I applaud encryption of the data, it's a step in the right direction. But, in the words of XKCD, "strictly speaking it's better than the alternative, yet someone is clearly doing their job horribly wrong". 

    EDIT: Of course, even on the server, the data should still be encrypted.

  • evildictait​or

    , GoddersUK wrote

    *snip*

    It may be true for some of the data that gets lost (e.g. a laptop with security plans for a major event) that not putting it on a laptop would be an inconvenience, but there are many many cases of lost data (and it's not just the government that this happens to) where they leave behind a laptop or portable storage device that has a database of individuals' data on it. There is no excuse for this ever being on a personal computer. If they need to work out of the office they should VPN onto the corporate network and access the data remotely.

    I applaud encryption of the data, it's a step in the right direction. But, in the words of XKCD, "strictly speaking it's better than the alternative, yet someone is clearly doing their job horribly wrong". 

    EDIT: Of course, even on the server, the data should still be encrypted.

    But without encryption, the pagefile, any syncronised documents and the VPN keys are all recoverable Perplexed

    If you work for a company, and you don't have encryption on your work tablet/laptop then you shouldn't be allowed to take it outside. And even if you didn't want to ever take it outside, encryption won't hurt.

    Bitlocker everything, do it now. Now add two-factor auth and swipe access to your offices. Until you've done that, everything else is just pretending you've got security.

  • GoddersUK

    , evildictait​or wrote

    *snip*

    But without encryption, the pagefile, any syncronised documents and the VPN keys are all recoverable Perplexed

    1) I'm not suggesting they don't encrypt, I'm just suggesting that they shouldn't be relying on encryption. If I ask how I know my data is safe and they say encryption I won't be satisfied (although I will be less dissatisfied than I am at the moment).

    2) I'm precisely suggesting they wouldn't sync the documents. They'd log onto the database, say via SSH, view what they needed to, change what they needed to and be done with it. There may be cases where a specific individuals files are required offline and they have to keep them locally, but that should never need to be more than a handful of individuals in one go. That's just an unavoidable risk. Yes, encrypt but don't have a false sense of security. Work in a remote/virtual desktop on the server if needs be.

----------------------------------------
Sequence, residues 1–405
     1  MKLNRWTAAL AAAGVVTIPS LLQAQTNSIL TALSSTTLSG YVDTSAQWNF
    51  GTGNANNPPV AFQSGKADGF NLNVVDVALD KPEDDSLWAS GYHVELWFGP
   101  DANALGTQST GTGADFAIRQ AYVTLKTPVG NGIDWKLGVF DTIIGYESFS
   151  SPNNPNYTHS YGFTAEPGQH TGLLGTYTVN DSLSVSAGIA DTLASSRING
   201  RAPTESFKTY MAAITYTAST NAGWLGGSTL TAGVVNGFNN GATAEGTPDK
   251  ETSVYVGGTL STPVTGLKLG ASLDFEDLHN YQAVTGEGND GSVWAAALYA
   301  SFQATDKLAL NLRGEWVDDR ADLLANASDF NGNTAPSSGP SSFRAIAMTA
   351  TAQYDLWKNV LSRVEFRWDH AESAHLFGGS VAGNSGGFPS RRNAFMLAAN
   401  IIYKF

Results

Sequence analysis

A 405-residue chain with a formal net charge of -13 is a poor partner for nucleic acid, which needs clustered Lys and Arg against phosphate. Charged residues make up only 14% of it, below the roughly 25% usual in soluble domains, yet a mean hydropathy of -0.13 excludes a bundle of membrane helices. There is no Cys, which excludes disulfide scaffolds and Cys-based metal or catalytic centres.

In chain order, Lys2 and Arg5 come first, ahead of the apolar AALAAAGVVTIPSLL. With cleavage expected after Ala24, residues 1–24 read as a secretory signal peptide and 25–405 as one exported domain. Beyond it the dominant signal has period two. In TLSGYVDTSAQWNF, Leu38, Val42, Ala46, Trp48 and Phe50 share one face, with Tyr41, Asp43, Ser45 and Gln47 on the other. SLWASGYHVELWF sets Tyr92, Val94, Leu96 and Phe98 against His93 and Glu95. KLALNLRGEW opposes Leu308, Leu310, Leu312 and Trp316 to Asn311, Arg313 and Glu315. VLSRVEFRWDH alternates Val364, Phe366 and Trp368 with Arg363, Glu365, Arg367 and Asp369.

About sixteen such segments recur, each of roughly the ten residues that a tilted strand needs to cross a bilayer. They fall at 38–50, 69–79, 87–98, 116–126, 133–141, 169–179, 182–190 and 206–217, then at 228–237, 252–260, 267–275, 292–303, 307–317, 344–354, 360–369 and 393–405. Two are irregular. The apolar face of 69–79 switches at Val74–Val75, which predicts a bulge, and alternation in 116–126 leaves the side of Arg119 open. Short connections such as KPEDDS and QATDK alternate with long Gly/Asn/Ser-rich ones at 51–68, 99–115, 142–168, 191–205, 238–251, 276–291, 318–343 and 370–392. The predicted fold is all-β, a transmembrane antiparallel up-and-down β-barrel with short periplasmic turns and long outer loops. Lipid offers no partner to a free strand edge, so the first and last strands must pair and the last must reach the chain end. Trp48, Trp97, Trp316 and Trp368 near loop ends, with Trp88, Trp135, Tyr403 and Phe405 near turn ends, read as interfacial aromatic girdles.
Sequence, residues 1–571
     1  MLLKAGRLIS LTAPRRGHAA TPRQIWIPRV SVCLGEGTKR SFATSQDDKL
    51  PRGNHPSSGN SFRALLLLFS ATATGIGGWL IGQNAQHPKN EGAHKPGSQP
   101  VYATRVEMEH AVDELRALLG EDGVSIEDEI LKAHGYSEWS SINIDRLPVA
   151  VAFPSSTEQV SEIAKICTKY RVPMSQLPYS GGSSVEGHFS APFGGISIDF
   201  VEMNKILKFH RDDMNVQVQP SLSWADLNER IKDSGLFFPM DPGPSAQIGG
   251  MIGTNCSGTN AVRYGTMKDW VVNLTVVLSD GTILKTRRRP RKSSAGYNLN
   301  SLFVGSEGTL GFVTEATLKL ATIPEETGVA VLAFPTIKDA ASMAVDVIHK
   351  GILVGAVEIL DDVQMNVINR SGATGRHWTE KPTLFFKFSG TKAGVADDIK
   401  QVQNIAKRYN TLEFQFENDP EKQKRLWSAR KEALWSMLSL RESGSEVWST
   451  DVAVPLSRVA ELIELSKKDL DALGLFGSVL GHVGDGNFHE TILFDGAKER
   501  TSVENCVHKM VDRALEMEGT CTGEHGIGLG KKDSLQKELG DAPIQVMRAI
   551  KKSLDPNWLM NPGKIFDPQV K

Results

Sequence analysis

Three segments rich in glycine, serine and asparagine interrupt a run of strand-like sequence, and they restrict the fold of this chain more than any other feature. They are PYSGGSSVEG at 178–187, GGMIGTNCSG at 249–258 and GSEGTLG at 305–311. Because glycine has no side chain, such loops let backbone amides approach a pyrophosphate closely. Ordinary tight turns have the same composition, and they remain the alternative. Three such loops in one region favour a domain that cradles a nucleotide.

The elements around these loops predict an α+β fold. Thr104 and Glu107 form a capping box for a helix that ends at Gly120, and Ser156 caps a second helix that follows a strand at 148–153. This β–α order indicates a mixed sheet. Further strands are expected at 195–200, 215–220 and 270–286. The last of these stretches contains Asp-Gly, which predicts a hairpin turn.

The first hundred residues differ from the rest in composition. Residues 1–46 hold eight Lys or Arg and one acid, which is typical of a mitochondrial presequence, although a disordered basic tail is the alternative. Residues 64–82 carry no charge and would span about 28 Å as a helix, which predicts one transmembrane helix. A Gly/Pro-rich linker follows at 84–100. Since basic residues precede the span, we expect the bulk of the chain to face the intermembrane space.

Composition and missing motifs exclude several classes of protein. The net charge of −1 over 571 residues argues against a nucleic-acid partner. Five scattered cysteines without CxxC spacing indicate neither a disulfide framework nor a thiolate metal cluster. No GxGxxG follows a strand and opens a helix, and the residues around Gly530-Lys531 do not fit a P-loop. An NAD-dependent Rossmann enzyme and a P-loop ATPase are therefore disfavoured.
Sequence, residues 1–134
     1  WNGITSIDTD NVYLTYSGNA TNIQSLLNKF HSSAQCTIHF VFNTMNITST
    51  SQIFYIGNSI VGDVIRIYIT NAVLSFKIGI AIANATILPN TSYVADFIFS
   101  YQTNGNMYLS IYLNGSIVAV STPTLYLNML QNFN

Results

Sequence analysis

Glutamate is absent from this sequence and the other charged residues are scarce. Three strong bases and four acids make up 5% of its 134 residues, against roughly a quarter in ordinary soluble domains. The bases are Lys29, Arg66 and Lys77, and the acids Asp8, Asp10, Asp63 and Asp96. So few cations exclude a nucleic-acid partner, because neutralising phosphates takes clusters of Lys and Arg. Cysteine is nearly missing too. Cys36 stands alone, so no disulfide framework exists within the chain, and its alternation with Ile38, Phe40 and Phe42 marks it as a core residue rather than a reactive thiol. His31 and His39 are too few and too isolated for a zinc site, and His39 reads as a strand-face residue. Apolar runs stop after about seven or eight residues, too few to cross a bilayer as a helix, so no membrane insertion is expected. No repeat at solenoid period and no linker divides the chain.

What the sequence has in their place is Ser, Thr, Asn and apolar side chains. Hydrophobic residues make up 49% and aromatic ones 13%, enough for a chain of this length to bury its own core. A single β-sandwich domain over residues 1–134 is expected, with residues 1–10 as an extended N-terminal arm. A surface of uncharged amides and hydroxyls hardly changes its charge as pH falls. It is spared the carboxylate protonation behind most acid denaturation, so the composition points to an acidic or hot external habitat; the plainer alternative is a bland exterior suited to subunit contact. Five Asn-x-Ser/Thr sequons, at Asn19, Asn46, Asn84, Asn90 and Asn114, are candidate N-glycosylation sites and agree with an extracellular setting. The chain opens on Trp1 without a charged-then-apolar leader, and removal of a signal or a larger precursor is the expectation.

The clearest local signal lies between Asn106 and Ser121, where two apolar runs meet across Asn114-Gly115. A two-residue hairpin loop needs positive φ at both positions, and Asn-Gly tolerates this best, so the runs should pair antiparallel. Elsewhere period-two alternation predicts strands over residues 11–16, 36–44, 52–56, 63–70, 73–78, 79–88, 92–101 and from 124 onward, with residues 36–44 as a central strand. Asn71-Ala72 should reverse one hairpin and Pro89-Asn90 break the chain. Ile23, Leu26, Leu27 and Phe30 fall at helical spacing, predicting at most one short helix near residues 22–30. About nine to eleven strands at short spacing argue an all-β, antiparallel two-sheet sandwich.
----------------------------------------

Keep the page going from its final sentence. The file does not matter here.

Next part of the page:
3) The VPN keys are hopefully password protected. That user's keys should be revoked and replaced as soon as the laptop is lost. Even better your logs will help you know if any data has been compromised, who's data and even some clue as to by whom.

    4) The pagefile: Not my area of expertise. But your complete database with millions of people's records won't be in there, right? Regardless, you've made the bad guys' job harder.

    If you work for a company, and you don't have encryption on your work tablet/laptop then you shouldn't be allowed to take it outside. And even if you didn't want to ever take it outside, encryption won't hurt.

    Bitlocker everything, do it now. Now add two-factor auth and swipe access to your offices. Until you've done that, everything else is just pretending you've got security.

    I'm not disagreeing. But I don't think "it's encrypted" is an excuse for having that stored locally data on a portable device. And it's only cold comfort - after all you have to assume that once an attacker has physical access to a machine it's compromised (sure, it helps that you probably won't get it back so surreptitiously sticking a key logger in there won't help them but I'd argue that the point still stands).

  • GoddersUK

    The fun doesn't stop here it seems. In an effort to ensure tried and tested usability and security the DWP have some interesting requirements for online benefits claimants.

  • evildictait​or

    , GoddersUK wrote

    The fun doesn't stop here it seems. In an effort to ensure tried and tested usability and security the DWP have some interesting requirements for online benefits claimants.

    That is appalling. Someone should be fired for that. If the only way to access your benefits is by running completely unsupported operating systems and browsers that are attached to the Internet, and it doesn't support the majority of users of the site (who on average will be Windows7+ and Chrome or IE8+), then the DWP have demonstrated once again that they simply cannot be trusted to contract out any kind of IT.